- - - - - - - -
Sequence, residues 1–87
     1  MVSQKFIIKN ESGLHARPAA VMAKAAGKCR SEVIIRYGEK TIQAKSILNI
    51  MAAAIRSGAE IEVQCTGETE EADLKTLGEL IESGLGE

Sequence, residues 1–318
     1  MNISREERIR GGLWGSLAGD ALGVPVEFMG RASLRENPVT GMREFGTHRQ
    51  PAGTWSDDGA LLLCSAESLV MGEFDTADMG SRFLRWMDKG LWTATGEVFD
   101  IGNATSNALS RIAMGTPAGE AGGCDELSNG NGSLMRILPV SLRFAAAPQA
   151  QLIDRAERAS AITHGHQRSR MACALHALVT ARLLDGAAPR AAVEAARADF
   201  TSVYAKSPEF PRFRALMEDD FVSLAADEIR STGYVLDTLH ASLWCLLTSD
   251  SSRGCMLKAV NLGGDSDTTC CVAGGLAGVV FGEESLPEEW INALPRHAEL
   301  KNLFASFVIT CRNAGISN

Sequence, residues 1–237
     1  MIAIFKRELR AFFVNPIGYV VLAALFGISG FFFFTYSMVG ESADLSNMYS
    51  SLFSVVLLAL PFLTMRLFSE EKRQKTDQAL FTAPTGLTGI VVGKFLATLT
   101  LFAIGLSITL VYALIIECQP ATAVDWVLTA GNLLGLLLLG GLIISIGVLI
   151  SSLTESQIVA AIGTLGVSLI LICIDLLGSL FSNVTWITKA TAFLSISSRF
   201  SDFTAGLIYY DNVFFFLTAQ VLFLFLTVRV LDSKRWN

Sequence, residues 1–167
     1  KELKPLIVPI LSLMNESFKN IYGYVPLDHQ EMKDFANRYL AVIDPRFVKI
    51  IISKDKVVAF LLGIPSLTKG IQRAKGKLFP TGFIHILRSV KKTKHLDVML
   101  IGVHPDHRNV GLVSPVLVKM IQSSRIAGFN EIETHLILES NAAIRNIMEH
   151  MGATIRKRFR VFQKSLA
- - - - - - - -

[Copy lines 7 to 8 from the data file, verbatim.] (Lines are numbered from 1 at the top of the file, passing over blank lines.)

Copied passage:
   101  IGNATSNALS RIAMGTPAGE AGGCDELSNG NGSLMRILPV SLRFAAAPQA
   151  QLIDRAERAS AITHGHQRSR MACALHALVT ARLLDGAAPR AAVEAARADF